As the largest marine mammals on the planets, whales are an incredible collection of animals that have fascinated and delighted researchers and observers alike for thousands of years. Whales are linked to the ancient cultures of the past, have played pivotal roles in the development of entire nations and are some of the most sought-after species in the world. While whales come in a range of sizes, humans have always been drawn to the largest of these amazing creatures. Count down the top largest whales species on the planet to learn more.
10. Minke Whale (up to 35 feet or 10.5 meters)
The first on the list is the Minke whale, which is typically a black, dark grey or even slightly purple color. Minke whales are a type of baleen whale, which makes them carnivorous. Mike whales can be divided into two major groups depending on where they live: The northern minke whale and the antarctic minke whale. Minke whales can live between 40 and 50 years, on average, and are capable of diving up to water for a staggering 20 minutes at a time before needing to come up for air.
9. Bryde’s Whale (46 feet / 14 meters)
The Bryde’s whale is named after John Bryde, a Norwegian who helped to establish the first whaling station in South Africa. Bryde’s whales are commonly spotted off the coast of Southern Africa, but they are also found in places like Mexico, the Caribbean, Hawaii and California. Residing in tropical and subtropical waters, the grey-colored Bryde’s Whale can grow to become nearly 50 feet in length and weigh up to 25 tons. Bryde’s whales tend to stay in pairs, although they might be seen in larger groups when feeding.
8. Gray Whale (49 feet/ 15 meters)
The gray whale goes by many names, including the Pacific gray whale and the California gray whales. As these monikers suggest, the whale is both gray and a resident of the coastal waters of California. While they did live in the North Atlantic until the 18th century, whaling has eliminated them in this part of the world altogether. The gray whale is often seen with white scars on its body, which are left behind when parasites drop off. An average gray whale can grow to become 36 tons, with a few outliers coming in even heavier.
7. Sei Whale (52 feet / 16 meters)
The sei whale is another baleen whale, but it can grow to become much larger than the minke whale. A sei whale can easily surpass 50 feet in length by maturity and weigh as much as 28 tons. A sei whale can be recognized by its dark grey color and its irregular white markings on the front of the body. The sei whale also boasts a slightly arched rostrum, which is one of the few things that separates its appearance from the similar bryde’s whale.
6. Humpback Whale (52 feet / 16 meters)
The humpback whale is one of the more distinctive whales species on the planet, and it is easily recognized thanks to its unique head shape and long pectoral fins. Humpback whales are also more likely to breach than most other species, and they spend a lot of time at the surface of the water. This makes them easier to spot and photograph above water. Humpback whales are typically migratory, birthing in the winter and relying on fat stores through the journey. This is easy to do, because the large humpback whales can weigh a whopping 30 tons or more in maturity.
5. Bowhead Whale (59 feet / 18 meters)
The bowhead whale is an unusual species for a number of reasons, including the fact that it doesn’t have a dorsal fin and it has the largest mouth of any whale. Bowhead whales reside in the cold waters of the Arctic and Subarctic, and they can grow to a mammoth 59 feet (18 metes) in length. Their weight, however, is even more impressive, with some males weighing in at nearly 100 tons.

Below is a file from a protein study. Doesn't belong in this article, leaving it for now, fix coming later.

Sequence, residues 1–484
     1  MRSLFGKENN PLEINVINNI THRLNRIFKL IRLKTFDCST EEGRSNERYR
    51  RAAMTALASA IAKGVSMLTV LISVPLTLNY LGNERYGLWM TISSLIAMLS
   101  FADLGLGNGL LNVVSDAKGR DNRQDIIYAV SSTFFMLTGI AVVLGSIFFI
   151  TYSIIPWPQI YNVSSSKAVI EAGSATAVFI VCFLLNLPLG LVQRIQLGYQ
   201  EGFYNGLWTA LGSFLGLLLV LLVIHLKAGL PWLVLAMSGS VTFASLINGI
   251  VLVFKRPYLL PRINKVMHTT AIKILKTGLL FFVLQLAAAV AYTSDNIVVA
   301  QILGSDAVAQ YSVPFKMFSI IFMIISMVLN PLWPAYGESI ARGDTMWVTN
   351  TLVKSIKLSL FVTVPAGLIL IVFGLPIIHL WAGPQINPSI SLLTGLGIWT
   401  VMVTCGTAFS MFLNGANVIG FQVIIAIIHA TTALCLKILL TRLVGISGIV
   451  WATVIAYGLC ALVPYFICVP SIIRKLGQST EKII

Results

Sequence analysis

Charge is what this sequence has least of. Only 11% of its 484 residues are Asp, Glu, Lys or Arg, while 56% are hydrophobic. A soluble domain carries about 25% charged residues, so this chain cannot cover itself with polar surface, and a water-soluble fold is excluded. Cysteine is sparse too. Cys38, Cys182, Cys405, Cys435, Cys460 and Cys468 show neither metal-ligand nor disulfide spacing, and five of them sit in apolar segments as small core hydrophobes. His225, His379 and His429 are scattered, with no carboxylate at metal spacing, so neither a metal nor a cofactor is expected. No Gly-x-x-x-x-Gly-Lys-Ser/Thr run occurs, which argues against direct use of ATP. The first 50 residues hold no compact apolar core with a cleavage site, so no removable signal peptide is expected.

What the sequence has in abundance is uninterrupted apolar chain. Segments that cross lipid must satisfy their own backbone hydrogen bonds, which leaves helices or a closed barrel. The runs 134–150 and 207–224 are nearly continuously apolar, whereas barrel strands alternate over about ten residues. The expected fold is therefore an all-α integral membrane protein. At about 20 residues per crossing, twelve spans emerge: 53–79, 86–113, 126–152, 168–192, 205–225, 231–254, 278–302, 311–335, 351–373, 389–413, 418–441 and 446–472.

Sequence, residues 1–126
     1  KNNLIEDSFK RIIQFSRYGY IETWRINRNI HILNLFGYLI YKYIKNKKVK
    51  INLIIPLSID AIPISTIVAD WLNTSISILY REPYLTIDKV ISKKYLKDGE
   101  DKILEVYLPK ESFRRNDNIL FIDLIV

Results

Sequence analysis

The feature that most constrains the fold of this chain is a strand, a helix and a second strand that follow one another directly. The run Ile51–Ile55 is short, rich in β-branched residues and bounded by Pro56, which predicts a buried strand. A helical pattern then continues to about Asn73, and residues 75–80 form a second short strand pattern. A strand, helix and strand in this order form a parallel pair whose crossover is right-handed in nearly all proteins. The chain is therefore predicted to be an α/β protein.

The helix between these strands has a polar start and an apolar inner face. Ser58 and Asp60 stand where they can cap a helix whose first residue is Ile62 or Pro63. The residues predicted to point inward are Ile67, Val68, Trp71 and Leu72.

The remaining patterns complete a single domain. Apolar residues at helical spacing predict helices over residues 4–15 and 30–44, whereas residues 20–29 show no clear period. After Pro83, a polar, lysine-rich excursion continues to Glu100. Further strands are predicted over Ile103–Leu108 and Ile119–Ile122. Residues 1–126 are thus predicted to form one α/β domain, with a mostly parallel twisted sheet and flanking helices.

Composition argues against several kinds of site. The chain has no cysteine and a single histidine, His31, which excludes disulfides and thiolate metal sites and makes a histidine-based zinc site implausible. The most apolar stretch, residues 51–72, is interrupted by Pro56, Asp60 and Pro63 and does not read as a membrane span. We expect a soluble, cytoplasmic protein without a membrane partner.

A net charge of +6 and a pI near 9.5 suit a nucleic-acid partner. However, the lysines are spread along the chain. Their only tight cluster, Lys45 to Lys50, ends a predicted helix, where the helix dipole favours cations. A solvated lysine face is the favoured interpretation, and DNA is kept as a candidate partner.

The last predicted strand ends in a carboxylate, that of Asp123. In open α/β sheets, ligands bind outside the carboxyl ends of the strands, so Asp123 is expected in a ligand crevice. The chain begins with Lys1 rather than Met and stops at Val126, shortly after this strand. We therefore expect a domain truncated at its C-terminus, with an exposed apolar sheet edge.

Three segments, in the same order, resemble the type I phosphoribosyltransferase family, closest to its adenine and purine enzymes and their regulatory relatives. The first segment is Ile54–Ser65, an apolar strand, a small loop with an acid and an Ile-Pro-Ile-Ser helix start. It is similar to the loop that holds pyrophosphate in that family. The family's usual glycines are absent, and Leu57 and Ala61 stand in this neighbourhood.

4. Right Whale (60 feet / 18.3 meters)
The right whale is actually a collection of three very similar whale species: The North Atlantic right whale, the Southern right whale and the North Pacific right whale. Each of these whales is characterized by their round bodies, blowholes in the shape of a V and very dark skin. They got their name because they were specifically pointed out by whalers as the “right” whale to harvest plenty of meat and blubber. An average right whale can grow to 60 feet (18 meters) in length and weigh up to, or even slightly over, 100 tons.
3. Sperm Whale (67 feet / 20.5 meters)
The largest of the toothed whales is the sperm whale, one of the few whale species that can live in a range of environments and is therefore found in oceans across the world. Females travel and live in groups, while male sperm whales are solitary animals except for mating. Sperm whales grow to an average of 67 feet (20.5 meters) in length, with the males weighing up to 56 tons. However, it should be noted that whaling may have reduced the overall size of these whales, as the largest were targeted by whale hunters in decades past.
2. Fin Whale (90 feet / 27.5 meters)
Also known as the razorback whale or the common rorqual, the fin whale is the second-largest whale species in the world. The fin whale tends to be long and slender, with a dark brown body and a white underside. The fin whale can live anywhere from the Arctic to the Pacific, although it tends to mate in temperate waters. Fin whales are able to dive up to 1,500 feet below sea level with a single breath. These whales can grow to become nearly 90 feet (27.5 meters) long, although their slimmer shape means they weigh a maximum of 72 tons.
1. Blue Whale (98 feet / 30 meters)
The blue whale is not just the largest whale species, it is also the largest known animal in the world. Blue whales can grow to be 98 feet (30 meters) in length, but they have been known to weigh upwards of 173 tons. Like the name suggests, blue whales are a dark blue color with a paler underside. Commercial whaling brought down the number of blue whales drastically, but today these animals live in the North Atlantic, North Pacific and in parts of the Southern Hemisphere.